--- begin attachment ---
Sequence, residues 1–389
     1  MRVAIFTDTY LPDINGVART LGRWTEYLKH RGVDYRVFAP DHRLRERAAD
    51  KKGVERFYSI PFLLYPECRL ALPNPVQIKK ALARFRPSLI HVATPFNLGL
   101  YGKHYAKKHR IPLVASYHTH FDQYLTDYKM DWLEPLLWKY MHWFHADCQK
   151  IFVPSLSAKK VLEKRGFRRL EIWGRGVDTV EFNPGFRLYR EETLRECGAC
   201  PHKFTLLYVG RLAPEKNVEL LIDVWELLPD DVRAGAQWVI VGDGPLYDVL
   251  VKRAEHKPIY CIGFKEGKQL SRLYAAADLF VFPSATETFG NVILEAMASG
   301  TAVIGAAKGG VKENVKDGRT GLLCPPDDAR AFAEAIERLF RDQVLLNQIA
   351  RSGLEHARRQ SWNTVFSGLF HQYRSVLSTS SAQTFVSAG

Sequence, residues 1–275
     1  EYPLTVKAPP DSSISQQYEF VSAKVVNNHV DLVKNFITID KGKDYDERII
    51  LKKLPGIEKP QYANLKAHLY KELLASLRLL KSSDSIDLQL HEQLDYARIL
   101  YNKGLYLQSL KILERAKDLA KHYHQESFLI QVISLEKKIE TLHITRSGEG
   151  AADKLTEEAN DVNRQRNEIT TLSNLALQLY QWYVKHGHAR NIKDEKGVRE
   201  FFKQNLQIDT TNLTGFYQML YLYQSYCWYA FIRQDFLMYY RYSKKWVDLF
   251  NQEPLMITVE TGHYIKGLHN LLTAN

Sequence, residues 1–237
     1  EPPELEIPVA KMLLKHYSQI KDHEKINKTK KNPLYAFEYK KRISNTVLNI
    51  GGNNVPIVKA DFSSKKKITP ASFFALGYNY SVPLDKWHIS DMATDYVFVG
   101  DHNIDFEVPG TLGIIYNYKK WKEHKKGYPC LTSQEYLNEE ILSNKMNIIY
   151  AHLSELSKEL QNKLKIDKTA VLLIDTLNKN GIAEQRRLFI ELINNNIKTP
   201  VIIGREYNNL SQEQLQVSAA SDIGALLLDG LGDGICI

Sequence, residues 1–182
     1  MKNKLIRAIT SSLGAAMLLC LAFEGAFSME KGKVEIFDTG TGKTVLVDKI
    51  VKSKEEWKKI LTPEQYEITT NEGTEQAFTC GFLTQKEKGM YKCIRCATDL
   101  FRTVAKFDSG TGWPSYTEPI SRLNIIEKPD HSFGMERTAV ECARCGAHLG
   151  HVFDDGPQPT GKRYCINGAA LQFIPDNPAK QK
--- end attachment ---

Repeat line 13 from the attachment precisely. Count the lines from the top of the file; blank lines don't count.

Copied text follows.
   101  YNKGLYLQSL KILERAKDLA KHYHQESFLI QVISLEKKIE TLHITRSGEG